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    • "Existing research on the neuropsychology of incarcerated offenders has tended to rely on samples of men. The few studies of cognition among female offenders show that they too tend to have neuropsychological dysfunction (Coolidge et al., 2011) and that such dysfunction is associated with aggression (Daoust et al., 2006). Neuropsychological data in these studies were, however, obtained from self-reported function, which constitutes a major methodological limitation (see Dunning et al., 2004, for a review). "
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    ABSTRACT: Background There is considerable evidence that aspects of cognitive function, especially executive function, are associated with antisocial behaviour and violence, but most research to date has measured current cognition and previous criminal behaviour. Furthermore, this research has been conducted almost exclusively with male offenders.AimThe aim of this study is to examine relationships between a wide range of cognitive functions and behaviours among women in prison. Our hypotheses were that cognitive functioning would be associated with both more-or-less contemporaneously observed behaviour problems and self-rated adjustment to the environment.Method Forty-five drug-free imprisoned female offenders were individually assessed on a battery of cognitive measures. Prison staff rated their behaviour on the Prison Behaviour Rating Scale and the women rated their own sense of adjustment to the environment on the Prison Adjustment Questionnaire.ResultsStepwise hierarchical regressions indicated that attention was independently associated with behaviours reflecting tension, depression, isolation, fear, victimisation and worry, whereas processing speed was independently associated with behaviours reflecting lack of energy, mental slowness and lack of awareness of the surrounding environment and total Prison Adjustment Questionnaire score. There was no relationship between cognitive functioning and subjective perception of adjustment to prison.Conclusions and Implications for Practice and Future ResearchResults indicate that cognition contributes to some of the behavioural problems displayed by inmates in the prison context. Future studies should evaluate the role of programmes to improve cognitive processes in also improving prison behaviour and also test for continuities and discontinuities with post-release integrative success. Copyright © 2014 John Wiley & Sons, Ltd.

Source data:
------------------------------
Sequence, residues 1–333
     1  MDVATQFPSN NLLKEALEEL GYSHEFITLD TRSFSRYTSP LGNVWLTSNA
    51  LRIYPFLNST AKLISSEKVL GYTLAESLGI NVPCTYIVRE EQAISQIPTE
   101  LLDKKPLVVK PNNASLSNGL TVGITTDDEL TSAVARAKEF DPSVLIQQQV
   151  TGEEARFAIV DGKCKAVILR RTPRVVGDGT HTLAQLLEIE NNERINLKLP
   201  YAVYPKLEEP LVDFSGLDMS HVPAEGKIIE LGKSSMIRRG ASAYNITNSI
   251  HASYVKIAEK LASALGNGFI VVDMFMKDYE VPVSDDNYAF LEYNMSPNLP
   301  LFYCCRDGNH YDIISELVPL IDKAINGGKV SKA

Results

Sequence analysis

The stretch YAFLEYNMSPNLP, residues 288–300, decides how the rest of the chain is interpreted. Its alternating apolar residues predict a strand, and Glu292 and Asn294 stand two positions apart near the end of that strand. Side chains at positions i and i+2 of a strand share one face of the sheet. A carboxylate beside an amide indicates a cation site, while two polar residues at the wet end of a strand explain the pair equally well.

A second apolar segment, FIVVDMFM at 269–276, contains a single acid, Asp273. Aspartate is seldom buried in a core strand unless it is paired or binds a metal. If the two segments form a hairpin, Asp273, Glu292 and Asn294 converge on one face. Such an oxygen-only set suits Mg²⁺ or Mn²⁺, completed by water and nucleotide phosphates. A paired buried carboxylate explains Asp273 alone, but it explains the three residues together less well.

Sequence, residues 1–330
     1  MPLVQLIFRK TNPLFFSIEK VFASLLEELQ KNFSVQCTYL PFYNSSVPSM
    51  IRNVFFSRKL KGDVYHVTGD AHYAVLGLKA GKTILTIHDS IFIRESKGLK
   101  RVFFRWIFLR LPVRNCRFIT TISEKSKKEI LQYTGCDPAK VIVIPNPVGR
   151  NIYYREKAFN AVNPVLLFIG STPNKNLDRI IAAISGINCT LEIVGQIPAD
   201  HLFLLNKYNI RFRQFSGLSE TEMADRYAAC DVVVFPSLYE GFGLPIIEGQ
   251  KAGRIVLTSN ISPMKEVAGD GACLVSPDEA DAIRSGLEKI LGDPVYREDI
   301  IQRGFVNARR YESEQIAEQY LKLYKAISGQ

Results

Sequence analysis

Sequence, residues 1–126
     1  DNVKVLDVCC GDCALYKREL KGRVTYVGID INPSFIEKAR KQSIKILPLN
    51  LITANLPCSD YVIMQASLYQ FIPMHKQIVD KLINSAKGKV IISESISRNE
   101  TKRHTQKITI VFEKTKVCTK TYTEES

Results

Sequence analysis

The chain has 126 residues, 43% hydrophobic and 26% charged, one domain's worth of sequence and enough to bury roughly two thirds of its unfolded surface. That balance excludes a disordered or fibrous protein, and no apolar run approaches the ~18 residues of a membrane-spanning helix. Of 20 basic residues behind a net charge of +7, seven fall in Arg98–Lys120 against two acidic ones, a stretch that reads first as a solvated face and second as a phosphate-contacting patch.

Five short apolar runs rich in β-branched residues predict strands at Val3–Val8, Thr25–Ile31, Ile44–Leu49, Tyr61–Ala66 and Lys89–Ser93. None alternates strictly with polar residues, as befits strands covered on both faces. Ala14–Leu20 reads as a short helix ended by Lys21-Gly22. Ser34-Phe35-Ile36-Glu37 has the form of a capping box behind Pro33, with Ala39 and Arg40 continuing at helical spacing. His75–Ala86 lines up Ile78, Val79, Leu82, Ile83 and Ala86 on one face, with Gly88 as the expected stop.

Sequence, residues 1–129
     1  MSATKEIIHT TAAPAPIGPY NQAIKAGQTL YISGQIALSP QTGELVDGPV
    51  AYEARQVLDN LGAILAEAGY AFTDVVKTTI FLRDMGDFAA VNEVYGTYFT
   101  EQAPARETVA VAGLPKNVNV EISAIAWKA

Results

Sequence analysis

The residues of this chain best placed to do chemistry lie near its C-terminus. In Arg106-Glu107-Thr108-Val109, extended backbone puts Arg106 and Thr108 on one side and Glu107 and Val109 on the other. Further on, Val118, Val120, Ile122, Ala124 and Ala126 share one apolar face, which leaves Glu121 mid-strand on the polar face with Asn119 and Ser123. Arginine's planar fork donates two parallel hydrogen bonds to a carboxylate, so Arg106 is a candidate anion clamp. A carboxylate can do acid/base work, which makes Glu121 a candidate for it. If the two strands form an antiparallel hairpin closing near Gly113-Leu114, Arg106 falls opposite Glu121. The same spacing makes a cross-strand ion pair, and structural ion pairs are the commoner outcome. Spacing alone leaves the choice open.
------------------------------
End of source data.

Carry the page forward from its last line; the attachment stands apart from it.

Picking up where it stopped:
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    ABSTRACT: There are few published studies of attention-deficit/hyperactivity disorder (ADHD) in adult inmates, and even fewer studies that have considered ADHD in adult inmates by gender. The present study examined the prevalence of ADHD, its subtypes, and associated psychological and neuropsychological comorbidity as a function of gender in a sample of 3,962 inmates (3,439 men and 523 women; mean age = 33.6 years, range 17-73) who had completed the 250-item, self-report, Diagnostic and Statistical Manual of Mental Disorders, 4th edition (Text Revision) (DSM-IV-TR)-aligned Coolidge Correctional Inventory (CCI). The overall ADHD prevalence rate found was 10.5%, which is substantially higher than the rate among adults in the general population (2-5%). The female inmate ADHD prevalence rate (15.1%) was higher than the male inmate ADHD rate (9.8%), consistent with some previous studies. The most prevalent ADHD subtype for both genders was the hyperactive-impulsive subtype. The combined and inattentive ADHD subtypes had higher levels of comorbid psychopathology than the hyperactive-impulsive ADHD subtype. As the presence of ADHD and associated gender differentials may impact the success of rehabilitation and educative programs with inmates, the assessment of ADHD and comorbid psychopathology should be a priority in initial inmate screening and evaluation.